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Are we monolingual?
“…question about what you speak at home is not equivalent to asking whether you speak more than one language.”
New York Times: Are We Really Monolingual?
(Written on August 14, 2017)
An interesting read about definition of “monolingual” Americans as 20% of them speak languages other then English at home, and so are we (replace English with Mandarin Chinese and its dialects).
So are we monolingual? No if you count dialects in.
This is a tricky question. Americans (Taiwanese or other whatever-ese in immigrant countries) as a collective entity are inherited multilingual, but groups with different ethnic, economic and social status would have wildly different language proficiency.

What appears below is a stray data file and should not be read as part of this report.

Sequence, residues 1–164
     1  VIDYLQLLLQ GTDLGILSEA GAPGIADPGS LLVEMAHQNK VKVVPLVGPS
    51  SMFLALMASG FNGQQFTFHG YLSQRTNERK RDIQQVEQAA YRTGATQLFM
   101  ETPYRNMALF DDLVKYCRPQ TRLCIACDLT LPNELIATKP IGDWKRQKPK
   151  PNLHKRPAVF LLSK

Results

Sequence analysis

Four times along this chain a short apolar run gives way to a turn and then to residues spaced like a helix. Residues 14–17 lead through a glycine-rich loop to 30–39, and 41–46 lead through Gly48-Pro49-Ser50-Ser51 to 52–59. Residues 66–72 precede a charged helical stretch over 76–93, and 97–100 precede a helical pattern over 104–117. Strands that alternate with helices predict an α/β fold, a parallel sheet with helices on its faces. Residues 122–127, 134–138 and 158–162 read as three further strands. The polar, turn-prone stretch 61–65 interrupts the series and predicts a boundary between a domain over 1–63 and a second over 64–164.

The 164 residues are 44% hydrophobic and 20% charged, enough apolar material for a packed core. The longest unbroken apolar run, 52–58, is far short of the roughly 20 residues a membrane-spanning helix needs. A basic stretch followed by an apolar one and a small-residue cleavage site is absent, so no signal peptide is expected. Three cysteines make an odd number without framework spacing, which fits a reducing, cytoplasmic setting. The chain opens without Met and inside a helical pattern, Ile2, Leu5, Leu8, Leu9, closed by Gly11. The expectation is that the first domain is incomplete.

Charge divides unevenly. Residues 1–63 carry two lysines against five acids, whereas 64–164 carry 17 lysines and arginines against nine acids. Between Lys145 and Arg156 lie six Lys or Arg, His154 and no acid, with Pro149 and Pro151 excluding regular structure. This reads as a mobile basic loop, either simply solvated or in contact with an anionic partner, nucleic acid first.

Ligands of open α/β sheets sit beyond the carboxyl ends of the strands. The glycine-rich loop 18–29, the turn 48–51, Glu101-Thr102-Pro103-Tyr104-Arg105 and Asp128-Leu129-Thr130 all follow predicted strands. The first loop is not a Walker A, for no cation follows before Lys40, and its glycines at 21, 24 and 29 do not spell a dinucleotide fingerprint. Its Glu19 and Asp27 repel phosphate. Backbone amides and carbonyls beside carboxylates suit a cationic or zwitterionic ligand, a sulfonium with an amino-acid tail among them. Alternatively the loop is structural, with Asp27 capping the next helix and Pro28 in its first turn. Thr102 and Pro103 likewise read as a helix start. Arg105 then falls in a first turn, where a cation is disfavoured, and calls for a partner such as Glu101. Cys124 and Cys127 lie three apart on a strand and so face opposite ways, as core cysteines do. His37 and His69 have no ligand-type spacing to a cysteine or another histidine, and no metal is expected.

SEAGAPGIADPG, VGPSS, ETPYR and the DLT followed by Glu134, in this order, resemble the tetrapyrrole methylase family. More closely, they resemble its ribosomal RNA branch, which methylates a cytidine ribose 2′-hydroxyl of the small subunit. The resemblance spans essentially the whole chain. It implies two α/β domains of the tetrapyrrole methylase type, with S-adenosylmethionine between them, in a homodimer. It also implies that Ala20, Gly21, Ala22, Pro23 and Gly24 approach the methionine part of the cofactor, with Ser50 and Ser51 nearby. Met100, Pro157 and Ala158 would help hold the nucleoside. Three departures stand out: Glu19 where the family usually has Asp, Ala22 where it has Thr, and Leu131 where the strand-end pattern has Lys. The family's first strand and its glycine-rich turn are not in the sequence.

So in this question, who are “we”?
For those who are not familiar with Taiwan:
The official language in Taiwan is Mandarin Chinese; it’s nearly identical to the Chinese spoken in China but comes in different accents — the best analogy I know of is American and British English.
Most Taiwanese are at least bilingual if dialects count. There are two major dialects, Taiwanese and Hakka, and several aboriginal tongues. In addition, most young Taiwanese speak English and/or Japanese to different degrees while many senior citizens over 70 years old speak fluent Japanese and mainland Chinese dialects.
Taiwan is a small island but it’s possibly one of the countries with the most language diversity.